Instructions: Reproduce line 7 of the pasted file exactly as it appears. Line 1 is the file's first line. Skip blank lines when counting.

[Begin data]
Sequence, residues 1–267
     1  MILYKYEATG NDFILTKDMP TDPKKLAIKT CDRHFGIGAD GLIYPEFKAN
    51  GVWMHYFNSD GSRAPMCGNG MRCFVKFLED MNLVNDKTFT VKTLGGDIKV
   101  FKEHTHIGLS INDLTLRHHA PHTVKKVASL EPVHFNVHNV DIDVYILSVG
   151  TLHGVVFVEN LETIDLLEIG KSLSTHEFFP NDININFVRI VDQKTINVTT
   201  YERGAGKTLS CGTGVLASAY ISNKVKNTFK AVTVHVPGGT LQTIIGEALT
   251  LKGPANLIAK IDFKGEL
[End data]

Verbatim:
   251  LKGPANLIAK IDFKGEL